Since the inception of the Cape & Islands license plate in 1996, the most popular special plate issued in
, it has generated $14 million in revenue. What most people do not realize, however, is that the proceeds from the sale of these plates are allocated to just five Cape Cod organizations.
The Cape Cod Chamber of Commerce and Barnstable County Economic Development Council each receive 35 percent of the proceeds; the Lower Cape Community Development Partnership receives 15 percent; and Martha’s Vineyard and Nantucket Chambers of Commerce split 15 percent. Local chambers of commerce, and specifically local communities, are left out of the direct distribution of these license plate proceeds
and therefore receive nothing for what they do in the name of economic development and tourism promotion.
The time has come to reformulate the distribution of the Cape and
license plate proceeds to include the local chambers of commerce. These are all non-profit organizations with a vested interest in improving their local economy by promoting their local businesses and creating local jobs for their residents. Local chambers represent 6,500 business members and are at the forefront of issues that affect their communities and the center of economic development for their individual towns.
While the five organizations are admirable recipients, they do not represent an equitable allocation of funds. A direct portion of the funds divided by the 15 local chamber of commerce on Cape Cod would seem a more appropriate and fair allocation of the revenue designed to “go towards the Cape Cod and Islands for economic development” (www.massrmv.com).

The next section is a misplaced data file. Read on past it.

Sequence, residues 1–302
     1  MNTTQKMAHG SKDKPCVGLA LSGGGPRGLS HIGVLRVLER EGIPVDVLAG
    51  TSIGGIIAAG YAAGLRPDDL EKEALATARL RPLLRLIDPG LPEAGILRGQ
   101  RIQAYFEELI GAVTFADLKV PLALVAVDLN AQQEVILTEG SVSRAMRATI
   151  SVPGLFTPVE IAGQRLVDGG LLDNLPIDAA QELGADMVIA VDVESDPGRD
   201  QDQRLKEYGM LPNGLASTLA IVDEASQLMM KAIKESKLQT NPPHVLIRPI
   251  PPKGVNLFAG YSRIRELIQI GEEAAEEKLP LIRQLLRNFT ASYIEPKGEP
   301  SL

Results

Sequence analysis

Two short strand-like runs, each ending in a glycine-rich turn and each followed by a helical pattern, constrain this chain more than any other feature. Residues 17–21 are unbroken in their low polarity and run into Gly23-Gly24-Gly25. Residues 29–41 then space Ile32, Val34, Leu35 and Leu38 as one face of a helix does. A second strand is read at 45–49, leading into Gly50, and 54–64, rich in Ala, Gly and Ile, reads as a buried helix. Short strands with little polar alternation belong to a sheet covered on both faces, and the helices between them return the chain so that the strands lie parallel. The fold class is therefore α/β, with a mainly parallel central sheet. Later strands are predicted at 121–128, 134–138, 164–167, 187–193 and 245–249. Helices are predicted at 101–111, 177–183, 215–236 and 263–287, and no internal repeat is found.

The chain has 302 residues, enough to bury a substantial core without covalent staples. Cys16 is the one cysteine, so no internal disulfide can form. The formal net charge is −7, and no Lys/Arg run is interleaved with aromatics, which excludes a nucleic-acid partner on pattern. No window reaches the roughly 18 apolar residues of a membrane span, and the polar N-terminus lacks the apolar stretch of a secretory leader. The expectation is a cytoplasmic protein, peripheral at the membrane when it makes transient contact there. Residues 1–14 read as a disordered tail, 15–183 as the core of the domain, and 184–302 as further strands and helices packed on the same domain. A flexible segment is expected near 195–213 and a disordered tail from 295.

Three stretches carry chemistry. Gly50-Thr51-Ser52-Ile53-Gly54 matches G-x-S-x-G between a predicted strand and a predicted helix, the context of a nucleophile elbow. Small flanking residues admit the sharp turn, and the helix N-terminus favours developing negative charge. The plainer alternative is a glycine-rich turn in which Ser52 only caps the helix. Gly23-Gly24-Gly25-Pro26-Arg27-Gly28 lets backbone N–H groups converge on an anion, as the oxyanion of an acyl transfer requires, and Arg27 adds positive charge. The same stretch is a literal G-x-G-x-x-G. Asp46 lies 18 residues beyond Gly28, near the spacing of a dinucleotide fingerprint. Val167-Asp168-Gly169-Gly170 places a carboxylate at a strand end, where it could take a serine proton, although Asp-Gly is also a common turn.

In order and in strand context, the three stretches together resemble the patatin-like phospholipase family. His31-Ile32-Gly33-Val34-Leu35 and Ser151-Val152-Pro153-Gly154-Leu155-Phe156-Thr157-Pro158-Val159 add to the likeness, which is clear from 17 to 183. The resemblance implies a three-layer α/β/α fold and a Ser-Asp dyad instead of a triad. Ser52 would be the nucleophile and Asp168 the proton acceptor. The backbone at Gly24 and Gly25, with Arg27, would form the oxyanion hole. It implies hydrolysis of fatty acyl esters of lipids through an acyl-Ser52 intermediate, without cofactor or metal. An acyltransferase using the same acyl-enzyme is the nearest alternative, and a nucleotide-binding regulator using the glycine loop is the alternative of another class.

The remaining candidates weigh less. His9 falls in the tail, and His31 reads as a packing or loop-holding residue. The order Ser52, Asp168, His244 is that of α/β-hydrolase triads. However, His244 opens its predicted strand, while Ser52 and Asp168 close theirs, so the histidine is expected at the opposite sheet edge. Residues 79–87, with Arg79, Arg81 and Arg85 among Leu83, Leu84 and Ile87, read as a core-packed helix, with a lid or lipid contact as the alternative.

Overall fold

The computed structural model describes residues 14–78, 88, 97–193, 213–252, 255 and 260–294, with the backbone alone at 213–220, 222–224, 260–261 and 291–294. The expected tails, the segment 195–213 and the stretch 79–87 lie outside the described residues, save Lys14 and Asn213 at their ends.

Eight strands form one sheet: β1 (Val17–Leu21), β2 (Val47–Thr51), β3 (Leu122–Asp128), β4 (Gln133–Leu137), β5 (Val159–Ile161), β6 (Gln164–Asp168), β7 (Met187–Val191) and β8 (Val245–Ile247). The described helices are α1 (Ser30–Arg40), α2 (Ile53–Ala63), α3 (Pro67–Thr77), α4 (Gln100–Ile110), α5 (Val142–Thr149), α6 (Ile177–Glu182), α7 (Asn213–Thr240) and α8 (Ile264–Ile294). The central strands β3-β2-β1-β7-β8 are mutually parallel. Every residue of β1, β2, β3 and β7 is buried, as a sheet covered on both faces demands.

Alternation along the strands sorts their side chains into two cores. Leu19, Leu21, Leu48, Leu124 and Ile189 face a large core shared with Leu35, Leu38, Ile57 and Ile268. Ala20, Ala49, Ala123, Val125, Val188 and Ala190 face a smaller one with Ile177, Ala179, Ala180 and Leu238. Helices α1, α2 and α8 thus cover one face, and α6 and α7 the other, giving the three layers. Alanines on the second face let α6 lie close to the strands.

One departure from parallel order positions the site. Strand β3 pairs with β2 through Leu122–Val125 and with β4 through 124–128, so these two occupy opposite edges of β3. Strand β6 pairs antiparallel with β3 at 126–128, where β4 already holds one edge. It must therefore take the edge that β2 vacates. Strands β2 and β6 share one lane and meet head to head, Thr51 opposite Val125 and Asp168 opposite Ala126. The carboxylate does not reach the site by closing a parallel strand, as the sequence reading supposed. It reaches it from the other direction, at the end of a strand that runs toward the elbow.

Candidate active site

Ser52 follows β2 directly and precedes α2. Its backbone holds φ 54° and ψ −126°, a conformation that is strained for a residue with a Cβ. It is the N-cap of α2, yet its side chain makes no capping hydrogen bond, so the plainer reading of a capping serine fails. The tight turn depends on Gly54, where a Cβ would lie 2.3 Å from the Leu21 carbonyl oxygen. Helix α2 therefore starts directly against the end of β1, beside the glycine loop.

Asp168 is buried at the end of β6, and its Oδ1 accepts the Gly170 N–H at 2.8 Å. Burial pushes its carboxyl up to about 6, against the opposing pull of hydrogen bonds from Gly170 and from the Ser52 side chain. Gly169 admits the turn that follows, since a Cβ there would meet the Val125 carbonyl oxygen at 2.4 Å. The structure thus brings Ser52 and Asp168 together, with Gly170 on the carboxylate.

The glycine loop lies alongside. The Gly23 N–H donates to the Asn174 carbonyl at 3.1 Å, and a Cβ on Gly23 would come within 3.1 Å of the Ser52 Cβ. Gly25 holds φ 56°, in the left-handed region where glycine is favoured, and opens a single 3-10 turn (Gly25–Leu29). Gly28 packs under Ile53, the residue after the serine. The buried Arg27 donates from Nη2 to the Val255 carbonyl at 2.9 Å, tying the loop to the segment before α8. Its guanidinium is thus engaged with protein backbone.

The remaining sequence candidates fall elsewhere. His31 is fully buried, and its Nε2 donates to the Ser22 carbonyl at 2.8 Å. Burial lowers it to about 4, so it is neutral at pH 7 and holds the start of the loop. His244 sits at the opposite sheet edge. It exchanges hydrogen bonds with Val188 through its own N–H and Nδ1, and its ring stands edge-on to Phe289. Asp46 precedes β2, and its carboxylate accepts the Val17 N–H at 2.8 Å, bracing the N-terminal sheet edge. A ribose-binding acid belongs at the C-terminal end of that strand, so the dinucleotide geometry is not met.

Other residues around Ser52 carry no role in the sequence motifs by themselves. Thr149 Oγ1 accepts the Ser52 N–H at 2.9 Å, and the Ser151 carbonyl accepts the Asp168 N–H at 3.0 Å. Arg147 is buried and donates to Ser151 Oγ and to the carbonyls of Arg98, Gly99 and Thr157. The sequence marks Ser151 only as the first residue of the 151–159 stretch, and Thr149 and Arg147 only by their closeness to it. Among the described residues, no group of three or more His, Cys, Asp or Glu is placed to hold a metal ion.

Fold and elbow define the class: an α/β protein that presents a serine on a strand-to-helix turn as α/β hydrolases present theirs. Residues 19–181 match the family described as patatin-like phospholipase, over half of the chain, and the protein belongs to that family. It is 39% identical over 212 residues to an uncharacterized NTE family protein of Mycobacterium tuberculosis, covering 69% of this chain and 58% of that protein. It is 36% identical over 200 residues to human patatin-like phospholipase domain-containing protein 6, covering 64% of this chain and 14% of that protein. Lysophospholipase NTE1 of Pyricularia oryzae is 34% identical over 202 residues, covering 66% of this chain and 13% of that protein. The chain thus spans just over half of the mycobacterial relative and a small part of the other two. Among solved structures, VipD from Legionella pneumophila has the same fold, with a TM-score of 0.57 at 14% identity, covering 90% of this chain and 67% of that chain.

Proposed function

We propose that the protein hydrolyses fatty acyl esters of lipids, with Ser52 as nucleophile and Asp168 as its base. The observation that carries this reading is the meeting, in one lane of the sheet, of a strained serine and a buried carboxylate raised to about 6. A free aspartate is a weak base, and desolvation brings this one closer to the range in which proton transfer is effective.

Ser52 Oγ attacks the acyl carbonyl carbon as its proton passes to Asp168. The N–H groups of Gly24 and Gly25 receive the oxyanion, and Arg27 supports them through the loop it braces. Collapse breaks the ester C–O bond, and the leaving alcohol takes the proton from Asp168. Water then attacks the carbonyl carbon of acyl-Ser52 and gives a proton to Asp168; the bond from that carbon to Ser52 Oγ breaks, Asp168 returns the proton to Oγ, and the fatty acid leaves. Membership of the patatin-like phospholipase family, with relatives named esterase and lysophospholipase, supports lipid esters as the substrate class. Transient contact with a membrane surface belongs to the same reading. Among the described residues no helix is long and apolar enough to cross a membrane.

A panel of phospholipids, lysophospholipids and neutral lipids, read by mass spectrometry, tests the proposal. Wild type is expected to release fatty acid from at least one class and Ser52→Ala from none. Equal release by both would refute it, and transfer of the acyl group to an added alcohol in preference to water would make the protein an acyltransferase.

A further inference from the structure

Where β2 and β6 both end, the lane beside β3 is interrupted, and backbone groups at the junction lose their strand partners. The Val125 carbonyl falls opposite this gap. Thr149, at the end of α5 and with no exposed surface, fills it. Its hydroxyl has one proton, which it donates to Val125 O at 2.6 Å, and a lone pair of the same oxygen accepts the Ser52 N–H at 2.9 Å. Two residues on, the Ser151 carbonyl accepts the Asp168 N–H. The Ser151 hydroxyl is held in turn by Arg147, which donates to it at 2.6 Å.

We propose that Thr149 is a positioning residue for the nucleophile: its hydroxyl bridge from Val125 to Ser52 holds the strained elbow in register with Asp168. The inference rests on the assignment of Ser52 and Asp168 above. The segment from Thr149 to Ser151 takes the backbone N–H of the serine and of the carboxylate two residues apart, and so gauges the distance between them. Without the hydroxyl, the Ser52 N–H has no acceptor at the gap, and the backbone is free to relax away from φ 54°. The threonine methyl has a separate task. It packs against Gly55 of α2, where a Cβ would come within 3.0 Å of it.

Consider this: an investment of at least $150,000 per year from the license plate proceeds divided among the 15 local chambers of commerce on Cape Cod would provide much needed financial support to help them achieve the economic development goals of their missions. This includes initiatives such as attracting new year-round businesses to individual towns, working with town officials on business tax incentives
and business zoning, and increasing access to health care and child care for employees and employers.
Massachusetts resident taxpayers with an affinity for the region are subscribers to the plates. The region needs to meet its commitment to those Massachusetts resident taxpayers who subscribe to the license plate believing their investment is being used for economic development for all of the Cape Cod and Islands towns.
The members of the Local Cape Chambers Collaborative (LC3) are not advocating taking all revenue away from the existing recipients but rather a more equitable distribution of the revenue to include a direct allocation for the 15 local chambers of commerce. It is time for license plate revenue to directly benefit all
communities fairly and equitably.
The Cape Cod Canal Region Chamber of Commerce is a member of the Local Cape Chambers Collaborative chaired by Lisa Franz, executive director of the Chatham Chamber of Commerce.